Now that free agent second basemen Robinson Cano, Omar Infante and Mark Ellis are off of the market, it’s looking more and more like Ryan Goins will get a shot at the Toronto Blue Jays’ starting second base job in 2014. Manager John Gibbons explained at the Winter Meetings that the Blue Jays view Goins as ‘top dog’ over utility player Maicer Izturis entering the season.
“Today that’s the way we look at it,” Gibbons said. “Alex [Anthopoulos] could go out and make a trade for somebody to bring a second baseman in. I don’t know if that’s going to happen. But if not, I really like what Goins did.”
The alternatives have started to disappear. Cano, Infante and Ellis are off of the market (by the way, the Blue Jays aren’t believed to have shown serious interest in Ellis). Utility players such as Willie Bloomquist, Skip Schumaker, Kelly Johnson, Nick Punto, David Adams and Ryan Roberts have also signed.
This leaves the trade market. Nick Franklin should be available now that the Mariners signed Cano, but the switch-hitter’s strikeout numbers are worrying even if he’s a promising, affordable player under long-term control. Brandon Phillips also appears to be available, but the 32-year-old’s offensive numbers have dropped off and taking on his $50 million contract would limit the Blue Jays’ flexibility elsewhere.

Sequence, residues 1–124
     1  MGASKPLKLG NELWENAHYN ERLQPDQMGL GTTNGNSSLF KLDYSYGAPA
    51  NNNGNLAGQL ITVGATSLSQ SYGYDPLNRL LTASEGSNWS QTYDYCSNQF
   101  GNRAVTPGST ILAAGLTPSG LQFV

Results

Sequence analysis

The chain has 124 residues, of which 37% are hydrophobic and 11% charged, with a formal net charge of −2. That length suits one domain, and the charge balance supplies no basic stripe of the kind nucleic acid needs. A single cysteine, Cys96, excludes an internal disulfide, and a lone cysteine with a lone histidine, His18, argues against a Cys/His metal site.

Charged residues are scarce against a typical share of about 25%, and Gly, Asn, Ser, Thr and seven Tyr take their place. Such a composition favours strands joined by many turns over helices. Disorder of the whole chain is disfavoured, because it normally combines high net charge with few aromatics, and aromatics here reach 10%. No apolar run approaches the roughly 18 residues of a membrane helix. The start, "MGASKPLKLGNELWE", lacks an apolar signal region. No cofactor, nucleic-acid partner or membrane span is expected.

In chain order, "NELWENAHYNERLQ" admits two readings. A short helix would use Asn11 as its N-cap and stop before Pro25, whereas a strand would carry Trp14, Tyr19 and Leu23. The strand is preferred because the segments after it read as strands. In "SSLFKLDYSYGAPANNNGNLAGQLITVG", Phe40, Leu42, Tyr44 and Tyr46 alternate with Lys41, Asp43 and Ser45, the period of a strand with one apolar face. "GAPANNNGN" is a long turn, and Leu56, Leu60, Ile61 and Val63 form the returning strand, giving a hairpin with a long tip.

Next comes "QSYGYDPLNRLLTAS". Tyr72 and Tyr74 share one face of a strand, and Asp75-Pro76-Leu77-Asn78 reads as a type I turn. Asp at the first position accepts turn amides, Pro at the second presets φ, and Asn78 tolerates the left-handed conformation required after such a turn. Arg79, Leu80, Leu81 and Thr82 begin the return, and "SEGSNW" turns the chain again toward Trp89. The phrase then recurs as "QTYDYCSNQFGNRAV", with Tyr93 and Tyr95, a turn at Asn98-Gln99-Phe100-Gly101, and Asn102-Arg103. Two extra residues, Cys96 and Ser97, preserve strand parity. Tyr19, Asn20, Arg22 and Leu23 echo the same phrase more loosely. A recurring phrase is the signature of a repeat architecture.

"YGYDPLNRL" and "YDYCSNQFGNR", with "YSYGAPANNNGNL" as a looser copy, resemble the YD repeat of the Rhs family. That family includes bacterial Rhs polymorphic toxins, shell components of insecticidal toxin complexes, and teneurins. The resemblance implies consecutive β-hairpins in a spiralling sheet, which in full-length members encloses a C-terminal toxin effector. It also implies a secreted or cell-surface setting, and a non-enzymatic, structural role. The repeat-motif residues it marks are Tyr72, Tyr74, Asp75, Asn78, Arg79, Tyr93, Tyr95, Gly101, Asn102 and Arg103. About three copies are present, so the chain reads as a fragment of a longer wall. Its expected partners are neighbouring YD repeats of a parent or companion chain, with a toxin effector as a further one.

The Blue Jays have limited flexibility, too. If they go with an eight-man bullpen again, there won’t be room on the bench for a utility player other than Izturis. This would open up second base for Goins, who appeals to team decision makers because of his steady glove.
“We’ve got to play better defense or forget it,” Gibbons said. “It’s a big part of it. It’s a big part of all sports. You’ve got to defend. We did. We were bad early on and that affected us in a big way.”
Goins hit .252 with a .264 on-base percentage in 2013, so expecting the 25-year-old to succeed in a full-time role would be asking a lot, especially considering that his numbers against left-handed pitching have suffered in each one of his four full seasons as a professional. Roster space permitting, it would be prudent for the Blue Jays to add a right-handed hitting complement if the left-handed hitting Goins projects as their starter.
If the Blue Jays acquire enough starting pitching to go with a seven-man ‘pen, they’d have room for another bench player on the roster. The Blue Jays could use that roster spot to acquire someone capable of complementing Goins at second in the same way that Mark DeRosa contributed as a right-handed bench bat in 2013. Here’s a mostly speculative look at some options (career slash line vs. left-handed pitching in parentheses):
The Blue Jays don’t appear to be bluffing when it comes to Goins’ chances of becoming an everyday player. They like his defence and there aren’t many alternatives capable of starting at second. Yet if bench space permits, adding a complementary player to a low-risk deal would set Goins up for success by easing him in to the starting lineup without over-exposing him.